A Brief History of MOOCs

The term MOOC was coined  to refer to a course developed by Stephen Downes and George Siemens entitled Connectivism and Connectivity Knowledge in 2008.  Their intention was to exploit the possibility for interactions between a wide variety of participants made possible by online tools so as to provide a richer learning environment than traditional tools would allow. 25 students attended the course on the campus of the University of Manitoba, and a further 2300 from around the world participated online. MOOCs with an emphasis on interactions and connectivity are now called cMOOCS. 

In the fall of 2011, Stanford offered three courses for free online.  Peter Norvig and Sebastien Thrun  offered their Introduction to Artificial Intelligence to an initial enrollment of over 160,000 students from around the world. Over 20,000 students completed the course. These xMOOCs focused less on interaction between students and more on exploiting the possibilities of reaching a massive audience. 

Thrun founded a company called Udacity in February 2012 which began to develop and offer MOOCs for free. In April 2012, Andrew Ng and Daphne Koller, two other Stanford CS professors, started a company called Coursera which partnered with universities in preparing and offering MOOCs.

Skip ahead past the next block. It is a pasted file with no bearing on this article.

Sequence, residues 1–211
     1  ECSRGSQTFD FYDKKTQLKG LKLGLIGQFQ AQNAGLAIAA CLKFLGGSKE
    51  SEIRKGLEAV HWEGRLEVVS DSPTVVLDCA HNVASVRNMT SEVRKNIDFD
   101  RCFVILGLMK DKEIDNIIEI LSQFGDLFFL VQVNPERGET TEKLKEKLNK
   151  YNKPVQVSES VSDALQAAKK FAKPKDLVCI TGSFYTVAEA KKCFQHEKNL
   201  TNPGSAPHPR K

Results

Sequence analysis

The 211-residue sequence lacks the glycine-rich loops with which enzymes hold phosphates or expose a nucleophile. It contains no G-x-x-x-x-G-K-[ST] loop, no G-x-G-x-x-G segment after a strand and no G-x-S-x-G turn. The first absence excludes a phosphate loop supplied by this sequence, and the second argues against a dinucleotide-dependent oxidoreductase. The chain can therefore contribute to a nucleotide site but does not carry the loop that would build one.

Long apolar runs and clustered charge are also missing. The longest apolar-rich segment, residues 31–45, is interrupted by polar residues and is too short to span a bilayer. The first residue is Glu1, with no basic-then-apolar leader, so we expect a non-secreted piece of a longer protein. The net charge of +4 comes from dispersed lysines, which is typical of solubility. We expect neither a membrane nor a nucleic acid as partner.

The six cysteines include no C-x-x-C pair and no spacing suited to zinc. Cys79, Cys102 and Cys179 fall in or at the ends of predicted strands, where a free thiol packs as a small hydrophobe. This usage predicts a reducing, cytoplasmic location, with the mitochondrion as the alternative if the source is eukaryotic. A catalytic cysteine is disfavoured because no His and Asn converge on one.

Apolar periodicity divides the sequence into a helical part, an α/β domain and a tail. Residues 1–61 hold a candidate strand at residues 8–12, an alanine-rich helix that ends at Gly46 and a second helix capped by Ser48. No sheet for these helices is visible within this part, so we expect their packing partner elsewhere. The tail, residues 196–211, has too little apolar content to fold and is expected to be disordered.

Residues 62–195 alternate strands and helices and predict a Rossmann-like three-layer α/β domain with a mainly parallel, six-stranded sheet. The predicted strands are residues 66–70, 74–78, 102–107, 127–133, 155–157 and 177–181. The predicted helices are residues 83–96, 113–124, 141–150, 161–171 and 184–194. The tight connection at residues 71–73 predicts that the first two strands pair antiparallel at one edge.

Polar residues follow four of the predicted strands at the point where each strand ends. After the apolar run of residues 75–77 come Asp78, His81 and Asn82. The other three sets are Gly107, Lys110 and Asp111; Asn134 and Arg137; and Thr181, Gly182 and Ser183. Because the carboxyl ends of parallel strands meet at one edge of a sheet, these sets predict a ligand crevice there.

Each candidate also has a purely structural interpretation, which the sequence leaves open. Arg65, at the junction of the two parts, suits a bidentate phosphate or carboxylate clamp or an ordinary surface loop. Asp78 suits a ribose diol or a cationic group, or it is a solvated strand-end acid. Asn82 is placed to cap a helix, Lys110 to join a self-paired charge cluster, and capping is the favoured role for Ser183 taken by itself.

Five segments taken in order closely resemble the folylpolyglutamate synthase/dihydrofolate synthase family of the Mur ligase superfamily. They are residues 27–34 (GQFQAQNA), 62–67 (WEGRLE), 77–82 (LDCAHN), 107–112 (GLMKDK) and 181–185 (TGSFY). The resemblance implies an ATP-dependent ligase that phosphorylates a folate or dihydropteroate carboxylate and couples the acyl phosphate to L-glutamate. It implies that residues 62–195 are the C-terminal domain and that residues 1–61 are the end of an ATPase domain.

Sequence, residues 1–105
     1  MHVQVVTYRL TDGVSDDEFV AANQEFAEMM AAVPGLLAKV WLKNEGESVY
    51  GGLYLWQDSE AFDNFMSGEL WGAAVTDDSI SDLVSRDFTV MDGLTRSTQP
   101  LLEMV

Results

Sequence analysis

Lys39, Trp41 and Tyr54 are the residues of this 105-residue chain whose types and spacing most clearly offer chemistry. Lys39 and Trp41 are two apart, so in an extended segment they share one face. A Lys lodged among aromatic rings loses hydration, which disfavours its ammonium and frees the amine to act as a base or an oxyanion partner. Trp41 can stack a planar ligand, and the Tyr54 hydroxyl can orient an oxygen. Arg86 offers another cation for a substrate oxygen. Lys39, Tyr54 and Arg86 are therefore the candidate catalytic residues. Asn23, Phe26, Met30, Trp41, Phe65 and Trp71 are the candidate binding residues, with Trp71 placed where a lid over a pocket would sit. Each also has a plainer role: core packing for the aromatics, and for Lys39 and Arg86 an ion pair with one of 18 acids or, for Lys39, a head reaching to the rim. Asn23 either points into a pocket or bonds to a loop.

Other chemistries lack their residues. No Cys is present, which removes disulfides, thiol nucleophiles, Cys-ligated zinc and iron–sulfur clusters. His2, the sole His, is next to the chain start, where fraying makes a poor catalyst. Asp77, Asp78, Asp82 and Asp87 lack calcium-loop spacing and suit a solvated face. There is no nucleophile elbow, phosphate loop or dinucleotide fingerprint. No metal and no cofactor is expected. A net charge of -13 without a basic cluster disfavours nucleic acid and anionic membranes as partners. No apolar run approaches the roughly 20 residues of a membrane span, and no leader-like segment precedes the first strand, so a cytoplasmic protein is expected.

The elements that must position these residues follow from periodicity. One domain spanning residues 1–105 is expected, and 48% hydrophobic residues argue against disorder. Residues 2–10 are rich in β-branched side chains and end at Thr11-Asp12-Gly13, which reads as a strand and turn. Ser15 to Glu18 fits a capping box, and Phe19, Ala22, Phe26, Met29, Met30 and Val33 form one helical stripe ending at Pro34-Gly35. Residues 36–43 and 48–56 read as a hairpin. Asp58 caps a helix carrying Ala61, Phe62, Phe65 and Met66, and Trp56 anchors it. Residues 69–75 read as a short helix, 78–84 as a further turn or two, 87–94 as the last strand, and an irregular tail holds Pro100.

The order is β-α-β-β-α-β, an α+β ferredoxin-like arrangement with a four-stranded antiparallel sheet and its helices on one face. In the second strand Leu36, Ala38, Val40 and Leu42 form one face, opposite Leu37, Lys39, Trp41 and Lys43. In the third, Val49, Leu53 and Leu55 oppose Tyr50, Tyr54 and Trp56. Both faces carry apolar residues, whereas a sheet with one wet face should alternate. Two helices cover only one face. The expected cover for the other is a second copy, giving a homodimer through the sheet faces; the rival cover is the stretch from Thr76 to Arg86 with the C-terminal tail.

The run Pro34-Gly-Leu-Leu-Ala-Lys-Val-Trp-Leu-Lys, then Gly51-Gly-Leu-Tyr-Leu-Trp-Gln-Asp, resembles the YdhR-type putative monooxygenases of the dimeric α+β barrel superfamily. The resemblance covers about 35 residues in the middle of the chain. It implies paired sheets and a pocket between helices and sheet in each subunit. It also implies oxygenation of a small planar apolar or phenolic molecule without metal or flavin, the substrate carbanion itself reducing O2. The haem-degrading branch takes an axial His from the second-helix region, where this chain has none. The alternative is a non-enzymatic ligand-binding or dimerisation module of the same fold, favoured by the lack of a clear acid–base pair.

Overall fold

MIT developed the MITx platform for offering MOOCs, which was renamed edX when a partnership with Harvard was formed. The non-profit edX consortium which develops and offers MOOCs now has over 30 university partners, including McGill. The consortium has made available an open source version of the platform which can be used and developed by other institutions and individuals.  The consortium also carries out research into learning using new technologies by analyzing data it obtains from students in the courses. Indeed, the consortium is an outgrowth of an earlier MIT project engaged in such research. 

More than 4 million students have enrolled for Coursera MOOCs; both Udacity and edX have enrolled over a million students in their MOOCs. Udacity partnered with San Jose State to offer for-credit courses which were not free but were very low cost and blended MOOCs material with support from on-campus professors and teaching assistants. Such success had Sebastian Thrun suggesting that in 50 years there might only be 10 institutions offering higher education.

However,  the San Jose State experiment was less than successful, with pass rates in some courses significantly lower in the blended courses than under the traditional model. Furthermore, there is a high dropout rate of over 90% in most MOOCs. In November 2013, Thrun stated that Udacity had a “lousy product” and that they would refocus on vocational education. In contrast, Anant Agarwal, the president of the edX consortium, insists that students and universities are benefiting from the provision of MOOCs.